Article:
It is with deep sadness that I read a report about the food situation in Zimbabwe.  Here it is:  I have a hard time understanding how some of us have so much and others have so little. It is hard to wrap my head around the fact that children will be hungry while we throw food away and complain because we want more choices. 

But, there is a silver lining around my thoughts - because of you and of AFCA, there are 628 orphaned families who are eating this season and they are eating balanced meals, at that.  That means, there are over 3100 children and guardians that get up in the morning to milk their goats, gather eggs from under their chickens and who gather vegetables from their gardens.  Yes, times will be tough for them with little water, but, with planning and proper mulching and water conservation, I trust they will all get through this next drought healthfully and full.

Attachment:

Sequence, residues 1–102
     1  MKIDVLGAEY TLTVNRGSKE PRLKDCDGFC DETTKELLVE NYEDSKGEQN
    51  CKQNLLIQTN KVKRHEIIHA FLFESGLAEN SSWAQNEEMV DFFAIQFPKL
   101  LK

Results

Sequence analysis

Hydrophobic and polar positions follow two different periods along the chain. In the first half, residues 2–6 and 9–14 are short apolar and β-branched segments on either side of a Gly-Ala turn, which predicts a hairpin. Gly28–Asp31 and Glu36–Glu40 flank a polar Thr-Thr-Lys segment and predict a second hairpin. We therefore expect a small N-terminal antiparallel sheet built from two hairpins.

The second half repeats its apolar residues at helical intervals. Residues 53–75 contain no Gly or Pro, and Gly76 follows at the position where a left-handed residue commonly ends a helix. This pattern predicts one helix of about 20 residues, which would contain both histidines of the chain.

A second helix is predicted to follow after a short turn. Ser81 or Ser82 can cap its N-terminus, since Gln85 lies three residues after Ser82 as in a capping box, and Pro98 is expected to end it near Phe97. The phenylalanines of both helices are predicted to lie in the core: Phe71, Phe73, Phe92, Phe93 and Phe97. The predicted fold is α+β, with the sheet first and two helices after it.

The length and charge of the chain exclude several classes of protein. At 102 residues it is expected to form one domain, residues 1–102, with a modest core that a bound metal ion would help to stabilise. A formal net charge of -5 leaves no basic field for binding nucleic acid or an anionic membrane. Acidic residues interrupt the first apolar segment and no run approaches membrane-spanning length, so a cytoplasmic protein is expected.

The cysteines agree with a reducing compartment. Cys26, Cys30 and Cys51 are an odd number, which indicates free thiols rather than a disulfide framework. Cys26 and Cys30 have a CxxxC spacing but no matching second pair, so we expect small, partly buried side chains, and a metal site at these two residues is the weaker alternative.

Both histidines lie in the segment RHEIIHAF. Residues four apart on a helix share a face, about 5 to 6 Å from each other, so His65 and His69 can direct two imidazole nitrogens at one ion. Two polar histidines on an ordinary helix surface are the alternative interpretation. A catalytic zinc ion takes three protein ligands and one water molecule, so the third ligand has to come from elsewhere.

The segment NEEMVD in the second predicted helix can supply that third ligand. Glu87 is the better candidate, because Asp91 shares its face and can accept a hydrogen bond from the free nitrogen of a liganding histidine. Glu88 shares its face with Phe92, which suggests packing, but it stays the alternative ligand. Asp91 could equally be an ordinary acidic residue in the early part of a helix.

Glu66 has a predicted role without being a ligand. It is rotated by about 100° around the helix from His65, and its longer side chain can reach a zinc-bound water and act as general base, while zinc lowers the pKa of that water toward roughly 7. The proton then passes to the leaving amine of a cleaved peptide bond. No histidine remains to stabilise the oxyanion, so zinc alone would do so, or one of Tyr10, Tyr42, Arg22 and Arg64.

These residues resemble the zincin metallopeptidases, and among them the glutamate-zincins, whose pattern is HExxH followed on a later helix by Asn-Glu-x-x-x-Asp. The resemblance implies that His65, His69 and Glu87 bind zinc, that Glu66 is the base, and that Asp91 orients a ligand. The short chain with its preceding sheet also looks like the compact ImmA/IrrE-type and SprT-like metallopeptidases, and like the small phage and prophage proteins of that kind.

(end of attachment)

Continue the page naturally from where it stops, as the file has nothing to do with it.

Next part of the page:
What about the other children, though?  There are 1,800,000 orphans in Zimbabwe and all of them should eat.  None of them should perish due to lack of food.  Now is the time to do more, to dig deeper and to help out the others.  AFCA is expanding our programs to include two more villages in Zimbabwe, but we need your help (and that of your friends) to make it possible.  We'd like to purchase and deliver more goats, chickens, guinea fowl, seeds, and hope.  Will you help us?  Let's rally together during this last part of the year and do more for more children.  This will be the cry of my heart as we march into the holiday season - let's give kids on the other side of the world the chance to celebrate life, too. 

We are taking our first volunteer team to Zimbabwe in June 2014.  We'll be finishing the construction of a school and will be building arborloos.  Come join us, visiting this magnificent country and see what you've helped us accomplish.  If you are interested in being part of a Volunteer with a Purpose team, email me at and check out our website (VWP tab) to find out more.  We have space for 16 people - why not be one of them?  Families welcome.

Conservation Farming Works!!
Conservation Farming Works!!